Wilcox said that changing the present system would require support from tax-resistant legislators concerned that any sales or manufacturing taxes on marijuana would open the door to other items being taxed, or even a general sales tax. And the Department of Revenue would need to be expanded and retooled to collect such taxes.
For the moment, Wilcox said, ensuring compliance is the primary concern. While most growers are either paying their tax bills in full or arranging payment plans with the state, she said a small handful are simply not paying by choice. Wilcox emphasized that she isn’t talking about businesses making good faith efforts at paying their taxes while striving to balance their books. “I’m talking about the people who never pay taxes, and thumb their noses at the system, because they know that there will be no consequence.”
Wilcox said these cultivators are willing to risk evading taxes because the Department of revenue cannot shut them down. So they don’t pay, she said, and they treat their unpaid taxes as a free line of credit they use to undercut competitors. It also deprives Alaskans of money that rightfully belongs to the public. Wilcox favors denial of license renewals by the Marijuana Control Board for chronically delinquent growers.
“My position right now is, let’s get a good grip on enforcement tools and how to bring people into regulative compliance, and deal with those who, regardless of flexibility, will not come in to regulatory compliance,” she said. “Then I’m going to be able to go to the legislature and say, alright, we’ve been doing a good job in a bad tax structure for five years, it’s time to have that bigger conversation about changing the tax scheme.”
Weltzin is also on the AMIA board, but recuses herself from tax questions that come before it because she represents clients working on payment plans. She holds a more cautious view on denying license renewals, out of concern that the lost taxes will never be recovered if businesses are shuttered. She emphasized that while news reports about $2 million being owed were eye popping, this represents a small fraction of what cannabis taxes contribute to state coffers. “The industry overall is doing a really good job of being compliant on their tax obligations,” she said.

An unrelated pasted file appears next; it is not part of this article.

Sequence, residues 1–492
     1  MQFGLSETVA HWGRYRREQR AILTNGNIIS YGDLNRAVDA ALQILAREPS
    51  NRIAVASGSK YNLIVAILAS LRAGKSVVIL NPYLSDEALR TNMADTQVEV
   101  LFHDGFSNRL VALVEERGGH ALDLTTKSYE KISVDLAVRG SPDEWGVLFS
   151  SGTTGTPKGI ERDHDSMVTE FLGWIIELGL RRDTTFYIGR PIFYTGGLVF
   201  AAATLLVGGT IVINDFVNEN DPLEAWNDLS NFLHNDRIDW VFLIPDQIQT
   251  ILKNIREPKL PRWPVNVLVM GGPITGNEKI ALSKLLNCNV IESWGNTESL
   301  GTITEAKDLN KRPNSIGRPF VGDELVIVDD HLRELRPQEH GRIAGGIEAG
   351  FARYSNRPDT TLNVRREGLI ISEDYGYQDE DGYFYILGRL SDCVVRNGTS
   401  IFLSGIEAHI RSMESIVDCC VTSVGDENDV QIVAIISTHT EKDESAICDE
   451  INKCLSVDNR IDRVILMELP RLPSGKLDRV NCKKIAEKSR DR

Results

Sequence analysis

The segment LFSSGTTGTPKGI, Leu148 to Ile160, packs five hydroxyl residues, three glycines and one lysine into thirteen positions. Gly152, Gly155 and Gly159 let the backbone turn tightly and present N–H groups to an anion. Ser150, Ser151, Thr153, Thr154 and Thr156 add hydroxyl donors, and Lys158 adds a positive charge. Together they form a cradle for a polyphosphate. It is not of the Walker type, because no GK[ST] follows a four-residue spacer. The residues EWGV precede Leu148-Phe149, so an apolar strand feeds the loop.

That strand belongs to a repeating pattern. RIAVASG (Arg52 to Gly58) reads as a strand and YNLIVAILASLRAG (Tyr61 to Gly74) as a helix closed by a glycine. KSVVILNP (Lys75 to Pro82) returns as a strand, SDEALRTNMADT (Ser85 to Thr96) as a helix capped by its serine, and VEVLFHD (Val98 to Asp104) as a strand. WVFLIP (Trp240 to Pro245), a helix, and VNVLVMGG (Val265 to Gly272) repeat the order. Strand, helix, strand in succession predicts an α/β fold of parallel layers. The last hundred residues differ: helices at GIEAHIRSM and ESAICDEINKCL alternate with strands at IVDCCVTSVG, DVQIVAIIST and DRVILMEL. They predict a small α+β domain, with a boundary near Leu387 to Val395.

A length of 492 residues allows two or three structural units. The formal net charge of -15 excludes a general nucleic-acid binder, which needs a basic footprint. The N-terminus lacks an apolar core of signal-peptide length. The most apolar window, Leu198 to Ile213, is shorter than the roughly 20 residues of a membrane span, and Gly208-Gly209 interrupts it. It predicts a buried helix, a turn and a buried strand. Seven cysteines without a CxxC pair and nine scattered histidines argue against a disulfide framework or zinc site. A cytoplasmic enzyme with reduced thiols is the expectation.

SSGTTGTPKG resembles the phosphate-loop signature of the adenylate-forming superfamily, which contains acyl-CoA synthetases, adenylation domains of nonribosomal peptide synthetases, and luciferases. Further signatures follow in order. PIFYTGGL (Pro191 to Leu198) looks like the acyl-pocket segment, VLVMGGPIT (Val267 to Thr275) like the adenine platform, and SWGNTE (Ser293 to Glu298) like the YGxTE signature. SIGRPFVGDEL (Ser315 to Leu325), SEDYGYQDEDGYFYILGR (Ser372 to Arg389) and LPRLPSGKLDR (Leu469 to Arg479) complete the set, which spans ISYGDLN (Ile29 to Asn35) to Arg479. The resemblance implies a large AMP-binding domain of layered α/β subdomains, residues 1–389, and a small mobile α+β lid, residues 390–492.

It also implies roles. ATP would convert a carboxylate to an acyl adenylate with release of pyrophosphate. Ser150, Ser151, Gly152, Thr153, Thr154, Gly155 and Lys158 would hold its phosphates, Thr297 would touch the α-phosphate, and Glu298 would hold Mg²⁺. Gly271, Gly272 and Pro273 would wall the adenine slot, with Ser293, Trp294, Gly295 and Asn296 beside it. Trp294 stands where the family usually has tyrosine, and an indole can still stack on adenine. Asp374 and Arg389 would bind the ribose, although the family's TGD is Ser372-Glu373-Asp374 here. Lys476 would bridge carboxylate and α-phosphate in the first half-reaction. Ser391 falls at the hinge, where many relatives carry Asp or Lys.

Weltzin feels structural change is needed.
“The industry is evolving, and the tax structure needs to evolve. You’re putting all of the burden on one sector of the market,” she said about taxing growers exclusively. “It’s kind of the sector where things can go wrong.”
Anything from power failures for indoor growers, an early frost for outdoor cultivators, or something unrelated to business like a family medical crisis, can leave owners scrambling to meet their tax obligations.
Weltzin pointed to Emers as an example of a grower who has been mistreated by the present structure.
“He chose to use his organic farm and grow outdoor, and have one season, and do things like how the rest of the United States does it,” she said. Demand for his product doesn’t match what indoor growers enjoy, however, so his prices are lower. But he pays the same dollar amount in taxes.
Emers said thanks to tiered taxation and improvements in his bud that have allowed him to set a higher price, he’s whittled his taxes down to about 24% of his revenue. That’s still high, but sustainable for his business. “I’ve stopped holding my breath and just tried to live with it,” he said. “Which means just doing the best I can to make my product as good as it can be so I’m getting more money for it.”